West Windsor, N.J. – The Mercer County Holocaust/Genocide
Resource Center began its educational offerings for the semester with a panel discussion commemorating the 150th anniversary of the Emancipation Proclamation on Sept. 10. The theme of the day was this ground-breaking document's role in paving the way to the abolition of slavery and the journey to racial equality that contines to the present day.
Panelists included Dr. Paul Winkler, executive director of the New Jersey Commission on Holocaust Education, who served as moderator, Executive Dean for Student Affairs Diane Campbell, faculty members Craig Coenen, Joan Goldstein, and Alvyn Haywood, and MCCC bursar Lucia Brown-Joseph. Topics ranged from personal stories to historical, educational and social impacts. Ninety-one-year-old Foundation Board member Jim Floyd, the first African-American mayor of Princeton, added his reflections during the question-and-answer period.
Dean Campbell recalled that the proclamation freed her great-grandfather, who worked on a North Carolina farm, but that it also led to two separate societies. "Our country, which began as separate and very unequal, had to become a place of coexistence," she said, noting that the work begun by civil rights movement continues to this day.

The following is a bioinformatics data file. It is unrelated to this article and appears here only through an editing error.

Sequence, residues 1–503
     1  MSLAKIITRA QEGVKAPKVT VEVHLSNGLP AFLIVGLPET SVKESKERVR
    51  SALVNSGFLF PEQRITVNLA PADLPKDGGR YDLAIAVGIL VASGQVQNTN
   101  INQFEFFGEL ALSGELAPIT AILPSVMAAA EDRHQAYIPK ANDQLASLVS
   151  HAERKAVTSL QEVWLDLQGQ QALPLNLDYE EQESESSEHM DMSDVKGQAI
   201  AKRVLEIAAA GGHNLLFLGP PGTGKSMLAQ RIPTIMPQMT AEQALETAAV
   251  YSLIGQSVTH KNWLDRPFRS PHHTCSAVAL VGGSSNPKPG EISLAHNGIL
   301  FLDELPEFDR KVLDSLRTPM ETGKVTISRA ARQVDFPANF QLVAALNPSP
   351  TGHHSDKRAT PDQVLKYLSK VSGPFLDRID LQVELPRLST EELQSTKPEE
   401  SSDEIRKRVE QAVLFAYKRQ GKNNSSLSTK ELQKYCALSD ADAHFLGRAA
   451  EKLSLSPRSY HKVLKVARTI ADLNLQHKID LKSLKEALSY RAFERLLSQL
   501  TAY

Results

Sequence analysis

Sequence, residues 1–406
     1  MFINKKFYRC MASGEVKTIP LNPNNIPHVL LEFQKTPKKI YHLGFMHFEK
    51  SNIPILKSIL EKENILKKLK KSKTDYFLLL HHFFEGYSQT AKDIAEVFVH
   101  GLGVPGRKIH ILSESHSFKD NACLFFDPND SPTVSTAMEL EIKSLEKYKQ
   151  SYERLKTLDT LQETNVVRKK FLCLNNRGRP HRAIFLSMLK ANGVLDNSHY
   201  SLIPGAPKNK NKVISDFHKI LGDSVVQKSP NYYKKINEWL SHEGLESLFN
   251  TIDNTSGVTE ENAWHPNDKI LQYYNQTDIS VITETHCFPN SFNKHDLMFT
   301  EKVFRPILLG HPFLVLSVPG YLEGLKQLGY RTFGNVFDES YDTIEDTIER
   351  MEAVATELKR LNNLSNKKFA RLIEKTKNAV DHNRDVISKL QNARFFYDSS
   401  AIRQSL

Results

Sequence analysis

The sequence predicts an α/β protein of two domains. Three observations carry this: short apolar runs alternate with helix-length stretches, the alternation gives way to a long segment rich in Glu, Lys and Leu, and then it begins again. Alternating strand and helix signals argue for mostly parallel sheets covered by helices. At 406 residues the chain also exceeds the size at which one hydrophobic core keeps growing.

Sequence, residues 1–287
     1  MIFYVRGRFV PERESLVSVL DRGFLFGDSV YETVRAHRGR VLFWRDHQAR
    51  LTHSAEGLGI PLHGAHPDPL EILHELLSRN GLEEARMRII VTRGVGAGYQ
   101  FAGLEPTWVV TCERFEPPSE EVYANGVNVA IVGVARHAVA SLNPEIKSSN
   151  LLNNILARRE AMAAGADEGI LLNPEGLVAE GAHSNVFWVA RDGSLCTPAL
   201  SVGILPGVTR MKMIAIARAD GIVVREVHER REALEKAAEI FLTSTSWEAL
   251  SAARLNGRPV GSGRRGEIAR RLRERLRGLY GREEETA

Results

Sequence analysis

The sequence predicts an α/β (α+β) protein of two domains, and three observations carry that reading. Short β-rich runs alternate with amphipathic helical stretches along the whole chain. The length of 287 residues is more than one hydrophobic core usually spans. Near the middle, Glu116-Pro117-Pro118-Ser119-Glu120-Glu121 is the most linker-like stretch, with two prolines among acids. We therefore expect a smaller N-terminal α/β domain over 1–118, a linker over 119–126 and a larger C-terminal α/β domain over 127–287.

Brown-Joseph, MCCC's bursar, emigrated with her family from Trinidad-Tobago in the 1970s for the educational opportunities available in the United States. While pursuing higher ducation, she also learned about prejudice. "I began to appreciate and understand the black American experience,” she said.
An article by Trenton Times reporter Emily Brill is available here.
Five additional programs at the Holocaust-Genocide Resource Center are scheduled for later in the semester. See the schedule here.
The center is co-directed by Education faculty member Elizabeth DeGiorgio and the newly selected Edie Seraphine, a member of the center's Advisory Commission.